Luke was five when he found out he didn’t have a Mum and Dad. He had grown up in the Longtree Orphanage since his birth mother left him on their doorstep when he was only 10 weeks old.

At three years old Luke was a bubbly, bright little kid with no cares in the world. All the sisters at the Orphanage fondly called him Chatterbox because he was always babbling away as a three year old does. He got on well with all the other children at the orphanage and had such a kind nature that he was never picked on.

One day some of the older children were telling each other about their parents and how they had ended up in the orphanage. Luke hadn’t even understood what a Mum and Dad were until the other children had brought it up. But because Luke had never had parents, he didn’t miss them either.

By eight years old Luke was top of his class at school but he still didn’t have a home. Lots of kids around him had been given homes but not Luke. He wasn’t worried - he’d never experienced any life other than the one at the Orphanage and as far as he was concerned, he was happy. The thought of being picked by a family and having to move into a new house scared him.

A year later when Luke was nine he was interviewed by a family that already had a little girl. He thought this interview would be just like the rest of them and that he’d never hear from them again. A few weeks later and Luke was told he was going to live with the Patterson’s.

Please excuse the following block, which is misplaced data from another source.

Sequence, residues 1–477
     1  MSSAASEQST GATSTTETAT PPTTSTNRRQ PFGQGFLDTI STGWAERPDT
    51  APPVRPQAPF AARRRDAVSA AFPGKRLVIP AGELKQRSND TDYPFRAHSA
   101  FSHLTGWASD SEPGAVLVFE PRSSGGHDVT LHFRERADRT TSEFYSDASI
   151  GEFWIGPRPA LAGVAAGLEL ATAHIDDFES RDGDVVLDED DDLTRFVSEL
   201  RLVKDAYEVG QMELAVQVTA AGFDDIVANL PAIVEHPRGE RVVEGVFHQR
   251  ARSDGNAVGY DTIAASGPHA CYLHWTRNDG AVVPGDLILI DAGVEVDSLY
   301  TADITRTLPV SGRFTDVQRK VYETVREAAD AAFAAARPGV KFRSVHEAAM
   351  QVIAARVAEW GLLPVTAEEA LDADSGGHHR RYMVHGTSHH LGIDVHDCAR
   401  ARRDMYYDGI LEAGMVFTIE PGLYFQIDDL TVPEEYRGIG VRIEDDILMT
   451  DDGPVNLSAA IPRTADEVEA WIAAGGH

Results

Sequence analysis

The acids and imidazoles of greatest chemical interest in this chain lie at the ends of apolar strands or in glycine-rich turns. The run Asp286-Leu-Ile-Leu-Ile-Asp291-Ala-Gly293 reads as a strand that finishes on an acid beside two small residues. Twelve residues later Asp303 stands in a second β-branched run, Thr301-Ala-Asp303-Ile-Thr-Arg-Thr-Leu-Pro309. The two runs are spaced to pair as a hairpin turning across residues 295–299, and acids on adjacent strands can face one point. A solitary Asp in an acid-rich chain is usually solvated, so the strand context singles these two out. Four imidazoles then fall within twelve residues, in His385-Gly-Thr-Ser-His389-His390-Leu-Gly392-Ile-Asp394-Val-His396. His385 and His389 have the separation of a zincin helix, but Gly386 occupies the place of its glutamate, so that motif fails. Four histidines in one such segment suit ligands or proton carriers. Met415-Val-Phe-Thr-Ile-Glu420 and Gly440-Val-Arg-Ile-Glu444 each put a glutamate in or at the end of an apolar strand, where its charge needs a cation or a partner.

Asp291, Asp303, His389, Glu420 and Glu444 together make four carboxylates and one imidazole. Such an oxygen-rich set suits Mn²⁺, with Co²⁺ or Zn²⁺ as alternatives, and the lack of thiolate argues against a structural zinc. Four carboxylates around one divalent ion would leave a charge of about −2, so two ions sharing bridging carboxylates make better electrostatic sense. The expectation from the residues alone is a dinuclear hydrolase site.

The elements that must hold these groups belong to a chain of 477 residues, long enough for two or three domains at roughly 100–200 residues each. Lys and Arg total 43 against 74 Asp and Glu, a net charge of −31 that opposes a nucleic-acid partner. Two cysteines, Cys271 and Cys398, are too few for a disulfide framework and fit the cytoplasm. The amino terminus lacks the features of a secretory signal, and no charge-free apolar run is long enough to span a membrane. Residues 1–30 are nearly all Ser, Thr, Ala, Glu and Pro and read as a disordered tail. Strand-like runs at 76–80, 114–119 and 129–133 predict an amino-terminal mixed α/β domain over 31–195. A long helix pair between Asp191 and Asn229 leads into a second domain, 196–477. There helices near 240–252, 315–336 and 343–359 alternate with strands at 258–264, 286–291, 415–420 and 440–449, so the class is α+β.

The Patterson’s were lovely people. They adored kids and after their first adoption of a 3 year old girl they decided they wanted a boy as well.

Mr Patterson was a partner in the law firm Simpson and Patterson and Mrs Patterson was a devoted mother. They lived in a big house on a lifestyle block just outside the city. The family wasn’t short of money and nothing was ever spared.

On his tenth birthday, Luke got his very first bicycle. Mr Patterson spent many of his Saturday morning’s teaching Luke how to ride. Luke and his little sister Emma would bike to school each day and have races with the other kids in the neighbourhood. Luke loved to ride his bike during the fall when the streets were covered in leaves. He would race down the street and send thousands of leaves dancing and twisting behind him.

During the school holidays the family would go away to their holiday home by the beach. They had a great batch right on the shoreline. Days were spent fishing and paddling and crawling over the rocks to see what sealife they could catch in the rockpools. Mrs Patterson would sit on the deck keeping a close eye on her precious children. She would sit there for hours doing her cross-stitch with a smile on her face. She felt blessed that her family was complete and that her children and husband were happy.

This was a whole new world for Luke. Luke liked his new life but in some way he felt detached from it as well. He was sure he loved the Patterson’s but he’d never experienced love before.

In the summer of the next year Mr Patterson had three weeks off work when he got an ulcer. The doctor said it must be stress that brought it on but Mr Patterson wasn’t convinced. Work was great - sure he had deadlines but nothing really ever got him stressed.

A month later and Mr Patterson was admitted to hospital. His ulcer had flared up again and he needed to rest in bed for a few days. But as the week wore on Mr Patterson got worse rather than better. The Doctors didn’t know what was wrong. They tried different antibiotics and medicines but he wasn’t responding to any of them. On the Friday afternoon Mr Patterson’s body gave up fighting.